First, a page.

Definition of discouragement in English:

discouragement

noun

  • 1A loss of confidence or enthusiasm; dispiritedness.

    ‘do not give in to discouragement’
    • ‘The feeling of discouragement usually goes away within a reasonable length of time.’
    • ‘Each in turn rescued Matisse from deep discouragement by providing a way to kick-start his imagination.’
    • ‘Their own families have never uttered a word of discouragement.’
    • ‘Editor after editor has resigned in quiet discouragement over profit pressures in recent years.’
    • ‘Our goals should be high enough to motivate yet realistic enough to avoid discouragement.’
    • ‘Their discouragement produced symptoms of the psychological harm called learned helplessness.’
    • ‘You must resist this discouragement by having the attitude that there is no pain you will not endure for spiritual victory.’
    • ‘Such labelling has serious consequences for all members of the group concerned, often leading to discouragement.’
    • ‘I will never surrender to discouragement or despair no matter what seeming obstacles may confront me.’
    • ‘Let us go on with our work as briskly as possible, whatever temporary discouragements we may meet with.’
    • ‘Without the added burden of discouragement, the freedom of emotional release becomes inevitable.’
    • ‘This serves as a discouragement to help the poor.’
    • ‘Most people give up upon hearing a negative response or discouragement.’
    • ‘When love is functioning properly in our lives it dispels discouragement, despondency and despair.’
    • ‘They are the people fatigue and discouragement will take down first.’
    • ‘The female looks at them with an air of discouragement.’
    • ‘The pastor who cannot manage a growing church will be filled with frustration and discouragement.’
    • ‘It takes both perseverance and technical knowledge to avoid discouragement and get to the good eats.’
    • ‘This will prevent the mind from sinking into discouragement or aimlessness.’
    • ‘During the resultant three-hour detour, we encountered sundry additional discouragements.’
    dispiritedness, downheartedness, dejection, depression, demoralization, disappointment, despondency, hopelessness, lack of enthusiasm, lack of confidence, pessimism, despair, gloom, gloominess, low spirits
    deterrent, disincentive
    View synonyms
  • 2An attempt to prevent something by showing disapproval or creating difficulties; deterrent.

    ‘the discouragement of crime’
    • ‘There is no logic in this — the idea ought to be a stimulus instead of a discouragement.’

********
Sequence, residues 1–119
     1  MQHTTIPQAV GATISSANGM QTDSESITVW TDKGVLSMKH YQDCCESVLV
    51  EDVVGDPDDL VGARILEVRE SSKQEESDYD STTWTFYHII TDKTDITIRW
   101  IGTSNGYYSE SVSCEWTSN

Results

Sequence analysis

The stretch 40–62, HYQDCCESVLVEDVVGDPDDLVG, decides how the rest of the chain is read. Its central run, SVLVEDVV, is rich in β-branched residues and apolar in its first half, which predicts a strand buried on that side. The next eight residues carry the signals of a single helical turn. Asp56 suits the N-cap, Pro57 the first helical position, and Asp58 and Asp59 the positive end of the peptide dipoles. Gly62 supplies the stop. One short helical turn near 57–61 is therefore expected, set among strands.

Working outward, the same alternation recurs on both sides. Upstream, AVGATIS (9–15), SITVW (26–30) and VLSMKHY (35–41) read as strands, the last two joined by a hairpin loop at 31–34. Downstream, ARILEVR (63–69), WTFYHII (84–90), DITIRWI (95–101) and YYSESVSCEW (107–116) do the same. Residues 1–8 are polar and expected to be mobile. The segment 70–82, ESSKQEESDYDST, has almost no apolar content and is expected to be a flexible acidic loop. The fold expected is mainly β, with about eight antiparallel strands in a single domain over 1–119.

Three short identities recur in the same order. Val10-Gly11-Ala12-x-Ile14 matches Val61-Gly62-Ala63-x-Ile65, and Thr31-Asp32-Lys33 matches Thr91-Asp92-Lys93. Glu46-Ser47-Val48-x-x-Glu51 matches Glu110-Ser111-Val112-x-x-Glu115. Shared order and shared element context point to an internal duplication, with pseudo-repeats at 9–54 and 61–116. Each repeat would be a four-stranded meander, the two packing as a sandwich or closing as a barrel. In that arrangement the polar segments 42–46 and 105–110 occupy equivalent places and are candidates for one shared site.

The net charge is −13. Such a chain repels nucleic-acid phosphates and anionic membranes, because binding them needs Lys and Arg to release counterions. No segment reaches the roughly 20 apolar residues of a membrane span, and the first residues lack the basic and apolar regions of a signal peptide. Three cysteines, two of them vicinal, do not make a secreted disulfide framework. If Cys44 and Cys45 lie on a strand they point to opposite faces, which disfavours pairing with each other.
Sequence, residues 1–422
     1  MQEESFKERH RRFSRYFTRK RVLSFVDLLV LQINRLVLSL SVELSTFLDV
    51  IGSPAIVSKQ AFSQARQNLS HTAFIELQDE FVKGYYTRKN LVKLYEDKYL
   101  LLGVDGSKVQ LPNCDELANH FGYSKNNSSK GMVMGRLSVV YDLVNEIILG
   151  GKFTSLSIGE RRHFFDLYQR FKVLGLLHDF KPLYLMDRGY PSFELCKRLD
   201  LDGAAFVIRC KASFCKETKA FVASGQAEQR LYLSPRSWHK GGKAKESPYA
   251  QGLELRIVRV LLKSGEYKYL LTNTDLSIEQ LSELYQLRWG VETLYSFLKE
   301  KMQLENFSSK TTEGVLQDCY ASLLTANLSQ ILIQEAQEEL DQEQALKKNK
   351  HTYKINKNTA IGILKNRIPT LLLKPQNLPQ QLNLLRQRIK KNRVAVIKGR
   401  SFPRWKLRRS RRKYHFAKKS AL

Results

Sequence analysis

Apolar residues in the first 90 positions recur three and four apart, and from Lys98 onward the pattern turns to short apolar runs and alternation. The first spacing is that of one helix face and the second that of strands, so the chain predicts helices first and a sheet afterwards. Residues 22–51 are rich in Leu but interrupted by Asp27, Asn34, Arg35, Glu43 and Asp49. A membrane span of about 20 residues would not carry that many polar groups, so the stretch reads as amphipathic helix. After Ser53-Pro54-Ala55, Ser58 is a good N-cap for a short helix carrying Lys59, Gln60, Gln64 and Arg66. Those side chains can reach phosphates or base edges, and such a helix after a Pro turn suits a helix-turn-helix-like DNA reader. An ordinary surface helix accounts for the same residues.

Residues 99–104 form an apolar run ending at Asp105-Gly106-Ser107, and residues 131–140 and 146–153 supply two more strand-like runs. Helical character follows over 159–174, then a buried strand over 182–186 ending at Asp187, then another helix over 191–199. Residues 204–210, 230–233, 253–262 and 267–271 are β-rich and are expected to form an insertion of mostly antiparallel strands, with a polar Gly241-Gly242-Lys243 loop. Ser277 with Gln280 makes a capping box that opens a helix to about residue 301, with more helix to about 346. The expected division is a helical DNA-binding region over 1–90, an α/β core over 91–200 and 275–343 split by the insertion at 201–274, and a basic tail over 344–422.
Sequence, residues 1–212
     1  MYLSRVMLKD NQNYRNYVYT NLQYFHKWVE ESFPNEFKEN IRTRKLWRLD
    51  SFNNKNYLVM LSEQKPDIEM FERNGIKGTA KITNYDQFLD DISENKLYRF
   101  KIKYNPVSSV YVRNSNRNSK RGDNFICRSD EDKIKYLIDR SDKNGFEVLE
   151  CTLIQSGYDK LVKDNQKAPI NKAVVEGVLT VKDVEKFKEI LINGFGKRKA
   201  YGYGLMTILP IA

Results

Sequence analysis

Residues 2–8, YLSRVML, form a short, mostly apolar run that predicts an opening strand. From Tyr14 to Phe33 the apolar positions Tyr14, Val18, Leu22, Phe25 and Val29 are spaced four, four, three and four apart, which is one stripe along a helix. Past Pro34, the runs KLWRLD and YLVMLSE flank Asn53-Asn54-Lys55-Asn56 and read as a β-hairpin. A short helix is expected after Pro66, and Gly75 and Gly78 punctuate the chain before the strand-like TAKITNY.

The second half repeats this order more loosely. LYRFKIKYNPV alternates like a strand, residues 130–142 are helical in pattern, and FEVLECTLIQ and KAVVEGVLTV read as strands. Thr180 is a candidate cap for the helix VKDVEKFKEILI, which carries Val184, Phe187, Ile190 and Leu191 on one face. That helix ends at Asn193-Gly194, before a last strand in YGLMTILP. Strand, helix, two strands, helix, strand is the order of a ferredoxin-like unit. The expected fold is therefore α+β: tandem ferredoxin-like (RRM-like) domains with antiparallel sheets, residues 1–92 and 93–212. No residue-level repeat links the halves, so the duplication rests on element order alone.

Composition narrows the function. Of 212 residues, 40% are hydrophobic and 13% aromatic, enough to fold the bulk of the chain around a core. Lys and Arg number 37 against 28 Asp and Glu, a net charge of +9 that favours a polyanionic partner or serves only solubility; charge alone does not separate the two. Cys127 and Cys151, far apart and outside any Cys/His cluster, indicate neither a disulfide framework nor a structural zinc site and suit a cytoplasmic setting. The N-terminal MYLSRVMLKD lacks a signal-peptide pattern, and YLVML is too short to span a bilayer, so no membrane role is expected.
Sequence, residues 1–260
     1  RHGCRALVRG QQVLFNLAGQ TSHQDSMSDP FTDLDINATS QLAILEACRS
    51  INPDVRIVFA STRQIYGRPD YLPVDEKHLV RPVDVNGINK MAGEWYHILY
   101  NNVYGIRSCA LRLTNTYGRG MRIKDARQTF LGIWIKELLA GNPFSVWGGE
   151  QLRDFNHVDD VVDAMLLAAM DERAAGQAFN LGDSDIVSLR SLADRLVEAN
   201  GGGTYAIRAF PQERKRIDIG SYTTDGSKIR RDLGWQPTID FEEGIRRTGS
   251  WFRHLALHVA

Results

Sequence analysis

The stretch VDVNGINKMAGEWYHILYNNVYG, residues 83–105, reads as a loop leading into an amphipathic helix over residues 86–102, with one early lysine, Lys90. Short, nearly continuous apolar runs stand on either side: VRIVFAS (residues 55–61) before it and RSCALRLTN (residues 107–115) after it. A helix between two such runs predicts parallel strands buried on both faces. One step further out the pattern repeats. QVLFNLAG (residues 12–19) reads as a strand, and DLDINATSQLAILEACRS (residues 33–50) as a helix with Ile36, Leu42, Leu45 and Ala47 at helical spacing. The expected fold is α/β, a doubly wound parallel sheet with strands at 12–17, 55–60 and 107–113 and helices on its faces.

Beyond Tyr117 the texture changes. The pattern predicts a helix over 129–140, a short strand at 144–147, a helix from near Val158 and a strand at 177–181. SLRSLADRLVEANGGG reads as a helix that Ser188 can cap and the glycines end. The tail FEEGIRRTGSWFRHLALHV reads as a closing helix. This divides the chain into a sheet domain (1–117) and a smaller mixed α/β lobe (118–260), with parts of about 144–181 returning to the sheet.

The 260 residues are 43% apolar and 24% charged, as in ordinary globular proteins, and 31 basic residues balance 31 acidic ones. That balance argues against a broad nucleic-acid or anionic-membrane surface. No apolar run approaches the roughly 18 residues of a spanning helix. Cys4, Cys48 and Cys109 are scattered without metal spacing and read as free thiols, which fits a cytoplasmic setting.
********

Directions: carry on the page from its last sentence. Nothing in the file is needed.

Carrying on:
• ‘Despite official discouragement of settlement, Newfoundland became de facto the first overseas British colony.’
    • ‘And the discouragement of games in public places intensifies the problem.’
    • ‘If Chan had taken my class, he would have heard my discouragement of naming names or political parties.’
    • ‘Honestly, I have never given him any form of encouragement, and believe me, I have taken every possible opportunity for discouragement.’
    • ‘And none of this is meant as a discouragement from investing in Kino's superb new seven-disc Griffith package.’
    • ‘Setting aside the discouragement of friends, they packed their bags and got ready to leave.’
    • ‘This is a discouragement to States from using the qualifications contained, for example, in Arts 8-11 for illegitimate purposes.’
    • ‘I cannot see that there is any discouragement of the implementation of a higher standard if the Member State chooses to impose it.’
    • ‘There is further discouragement for the players in that in the workplace only 3 % of reinstatement appeals are successful.’
    • ‘She is a working model of how an individual can use this right despite the discouragement of outside parties.’
    • ‘I would advocate active discouragement of such appeals.’
    • ‘There is far too many who seem to believe they have a ministry of discouragement.’
    • ‘Heath pursued his European vision against every discouragement.’
    • ‘One of the great sins of the Christian church is the discouragement of doubting.’
    • ‘I think one of the great losses in all of this trouble has been the discouragement of women from performing.’
    • ‘The South Korean government is also slowly changing its long-time discouragement of foreign participation in the economy.’
    • ‘There is a stronger tradition of discouragement of close modeling of writing than there is of close modeling of imagery.’

Pronunciation

discouragement

/ˌdisˈkərijmənt//ˌdɪsˈkərɪdʒmənt/